A lot has changed in how we access content on the internet over the past ten years. Rise of (widespread) blogging that popularized individual-as-publisher? Early 2000s. Switch to mobile interfaces? Arguably started with the 2007 launch of the first iPhone. Video? Now it’s mobile and everywhere, as YouTube has over a billion monthly viewers. And with Twitter’s seventh birthday just last week, we’re reminded of the meteoric rise in social behaviors over the last five years. (Fun stat: per Nielsen, U.S. adults spent 121 billion minutes in social in July 2012, compared with just 88 billion one year earlier.)
But as Jeff Atwood explains, forums today look pretty much like they did a decade ago. And that’s a problem, because there’s lots of good stuff stored there. Forums are an undersung hero of online content — not as sexy as Pinterest, not as real-time as Twitter, not as immersive as Facebook, but often areas for discussion of specialized topics that generate huge referrer traffic. The out-of-the-box software found today in B2B and B2C still has limited features and a poor interface, like the internet that Web 2.0 forgot.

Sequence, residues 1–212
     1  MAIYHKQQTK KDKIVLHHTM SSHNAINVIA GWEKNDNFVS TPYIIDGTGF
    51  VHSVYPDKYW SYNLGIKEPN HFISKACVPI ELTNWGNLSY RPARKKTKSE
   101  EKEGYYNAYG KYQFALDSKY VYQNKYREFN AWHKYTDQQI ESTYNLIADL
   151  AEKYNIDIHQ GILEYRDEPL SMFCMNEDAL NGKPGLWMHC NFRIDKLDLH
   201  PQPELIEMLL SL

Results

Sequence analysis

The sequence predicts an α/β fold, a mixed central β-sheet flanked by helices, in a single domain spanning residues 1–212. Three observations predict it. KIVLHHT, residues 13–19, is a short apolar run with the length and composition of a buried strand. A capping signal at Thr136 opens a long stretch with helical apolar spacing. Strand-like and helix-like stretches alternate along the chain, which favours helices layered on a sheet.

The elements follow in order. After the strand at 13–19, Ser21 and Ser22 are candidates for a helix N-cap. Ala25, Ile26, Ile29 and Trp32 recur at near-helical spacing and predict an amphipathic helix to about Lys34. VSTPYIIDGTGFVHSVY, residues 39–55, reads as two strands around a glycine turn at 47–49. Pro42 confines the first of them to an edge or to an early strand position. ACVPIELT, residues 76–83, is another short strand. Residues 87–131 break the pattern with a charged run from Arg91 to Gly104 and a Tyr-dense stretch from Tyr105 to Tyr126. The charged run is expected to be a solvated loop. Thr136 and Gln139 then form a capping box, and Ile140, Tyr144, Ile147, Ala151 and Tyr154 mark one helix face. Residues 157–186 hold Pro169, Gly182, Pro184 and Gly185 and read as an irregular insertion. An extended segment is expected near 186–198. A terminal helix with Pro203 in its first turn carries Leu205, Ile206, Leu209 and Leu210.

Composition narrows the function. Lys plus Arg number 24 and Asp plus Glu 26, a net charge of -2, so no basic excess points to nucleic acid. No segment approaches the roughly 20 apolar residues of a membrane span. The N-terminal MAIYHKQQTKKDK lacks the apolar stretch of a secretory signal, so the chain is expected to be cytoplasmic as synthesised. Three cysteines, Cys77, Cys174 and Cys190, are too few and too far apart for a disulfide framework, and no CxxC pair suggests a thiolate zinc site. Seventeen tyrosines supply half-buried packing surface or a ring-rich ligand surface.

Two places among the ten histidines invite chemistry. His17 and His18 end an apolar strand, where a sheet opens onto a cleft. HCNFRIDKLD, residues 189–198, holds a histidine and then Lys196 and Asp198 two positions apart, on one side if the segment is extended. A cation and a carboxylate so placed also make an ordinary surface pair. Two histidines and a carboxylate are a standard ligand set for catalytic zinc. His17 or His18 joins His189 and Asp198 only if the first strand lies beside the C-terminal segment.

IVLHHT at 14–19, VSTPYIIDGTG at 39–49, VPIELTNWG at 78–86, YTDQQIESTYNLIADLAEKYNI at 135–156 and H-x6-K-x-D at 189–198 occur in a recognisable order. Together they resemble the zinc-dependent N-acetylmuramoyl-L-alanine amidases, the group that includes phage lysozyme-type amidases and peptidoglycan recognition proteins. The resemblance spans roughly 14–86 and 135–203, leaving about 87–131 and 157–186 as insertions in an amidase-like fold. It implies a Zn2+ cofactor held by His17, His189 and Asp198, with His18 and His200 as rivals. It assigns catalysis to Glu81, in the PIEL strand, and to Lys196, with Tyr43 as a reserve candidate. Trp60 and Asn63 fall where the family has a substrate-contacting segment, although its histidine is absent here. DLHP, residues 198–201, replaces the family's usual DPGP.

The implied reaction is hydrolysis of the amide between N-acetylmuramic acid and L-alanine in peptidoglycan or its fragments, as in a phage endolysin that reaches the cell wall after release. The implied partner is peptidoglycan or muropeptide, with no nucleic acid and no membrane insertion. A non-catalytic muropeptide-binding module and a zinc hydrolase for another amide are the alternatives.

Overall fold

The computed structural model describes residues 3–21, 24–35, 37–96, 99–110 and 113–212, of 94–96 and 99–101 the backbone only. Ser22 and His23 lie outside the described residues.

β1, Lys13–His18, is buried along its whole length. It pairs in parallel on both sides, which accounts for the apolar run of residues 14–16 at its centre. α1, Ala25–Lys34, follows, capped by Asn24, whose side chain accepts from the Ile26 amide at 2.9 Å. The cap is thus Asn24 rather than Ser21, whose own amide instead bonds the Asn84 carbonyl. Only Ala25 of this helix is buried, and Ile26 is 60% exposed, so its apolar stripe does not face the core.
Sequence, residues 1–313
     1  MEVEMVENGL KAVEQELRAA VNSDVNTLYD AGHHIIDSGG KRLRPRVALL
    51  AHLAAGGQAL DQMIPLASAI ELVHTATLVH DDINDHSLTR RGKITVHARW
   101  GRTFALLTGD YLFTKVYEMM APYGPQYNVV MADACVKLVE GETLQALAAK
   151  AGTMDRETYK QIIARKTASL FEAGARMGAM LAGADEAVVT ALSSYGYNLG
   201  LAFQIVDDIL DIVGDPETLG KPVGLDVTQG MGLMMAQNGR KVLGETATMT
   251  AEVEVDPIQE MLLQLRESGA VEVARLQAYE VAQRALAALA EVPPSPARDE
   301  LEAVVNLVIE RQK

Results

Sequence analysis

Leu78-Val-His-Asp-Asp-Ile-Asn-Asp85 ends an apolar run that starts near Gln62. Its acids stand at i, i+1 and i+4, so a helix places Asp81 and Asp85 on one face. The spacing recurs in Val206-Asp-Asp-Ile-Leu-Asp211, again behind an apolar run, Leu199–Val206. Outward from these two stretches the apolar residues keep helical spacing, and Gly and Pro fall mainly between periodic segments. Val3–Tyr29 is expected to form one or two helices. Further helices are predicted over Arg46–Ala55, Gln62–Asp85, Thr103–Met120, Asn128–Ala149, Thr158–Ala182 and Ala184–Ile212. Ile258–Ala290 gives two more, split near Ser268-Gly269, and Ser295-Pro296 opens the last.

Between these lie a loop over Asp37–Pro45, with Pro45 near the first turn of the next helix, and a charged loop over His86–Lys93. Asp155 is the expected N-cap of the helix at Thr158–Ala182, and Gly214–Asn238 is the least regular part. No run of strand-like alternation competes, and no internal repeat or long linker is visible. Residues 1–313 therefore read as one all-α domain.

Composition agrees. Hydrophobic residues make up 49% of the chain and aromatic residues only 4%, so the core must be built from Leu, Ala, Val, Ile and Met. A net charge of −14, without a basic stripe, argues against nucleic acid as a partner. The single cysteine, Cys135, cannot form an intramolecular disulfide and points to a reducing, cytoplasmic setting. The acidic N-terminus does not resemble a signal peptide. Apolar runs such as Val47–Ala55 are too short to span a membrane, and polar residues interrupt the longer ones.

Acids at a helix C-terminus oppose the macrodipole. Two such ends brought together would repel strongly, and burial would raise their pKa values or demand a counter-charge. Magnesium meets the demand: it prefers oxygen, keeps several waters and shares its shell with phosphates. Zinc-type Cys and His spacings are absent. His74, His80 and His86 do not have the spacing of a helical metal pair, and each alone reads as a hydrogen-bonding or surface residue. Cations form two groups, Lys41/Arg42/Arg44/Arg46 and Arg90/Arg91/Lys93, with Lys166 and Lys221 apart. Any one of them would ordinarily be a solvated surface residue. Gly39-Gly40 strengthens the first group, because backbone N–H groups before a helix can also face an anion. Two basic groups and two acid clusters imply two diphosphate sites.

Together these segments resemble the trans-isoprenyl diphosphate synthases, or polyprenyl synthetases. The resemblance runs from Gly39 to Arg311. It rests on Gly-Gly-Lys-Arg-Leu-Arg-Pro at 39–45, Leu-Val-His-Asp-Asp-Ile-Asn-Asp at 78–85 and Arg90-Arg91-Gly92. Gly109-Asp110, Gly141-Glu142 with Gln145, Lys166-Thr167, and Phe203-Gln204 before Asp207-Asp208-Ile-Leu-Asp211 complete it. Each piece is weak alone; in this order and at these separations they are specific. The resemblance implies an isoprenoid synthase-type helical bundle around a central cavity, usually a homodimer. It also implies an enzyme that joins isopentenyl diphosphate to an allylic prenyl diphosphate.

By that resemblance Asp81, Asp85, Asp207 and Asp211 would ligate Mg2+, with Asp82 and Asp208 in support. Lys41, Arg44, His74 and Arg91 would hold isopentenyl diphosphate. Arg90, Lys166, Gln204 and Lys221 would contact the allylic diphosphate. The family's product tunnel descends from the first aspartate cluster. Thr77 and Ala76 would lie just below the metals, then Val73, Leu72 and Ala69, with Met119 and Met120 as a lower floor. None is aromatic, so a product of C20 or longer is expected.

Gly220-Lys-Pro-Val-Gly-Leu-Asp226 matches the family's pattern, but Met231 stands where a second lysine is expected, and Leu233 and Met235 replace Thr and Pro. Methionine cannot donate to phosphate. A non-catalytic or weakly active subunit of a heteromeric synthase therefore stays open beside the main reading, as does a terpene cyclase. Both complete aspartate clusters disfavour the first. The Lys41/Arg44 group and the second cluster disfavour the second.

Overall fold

So, what would an ideal forum experience look like in 2013? Atwood others are taking a stab with Discourse, an early-stage project with a long feature list (Conversations not pages! Notifications! Ability to paste images for those who converse in animated gifs!) that seems intuitive and useful, without being bloated.
Today many fanciful consumer-facing digital projects and apps get funded in crowded spaces, or are a solution in search of a still-unidentified problem. Forums are valuable content repositories that are both surprisingly ubiquitous and decidedly broken —so let’s take a stab at fixing them.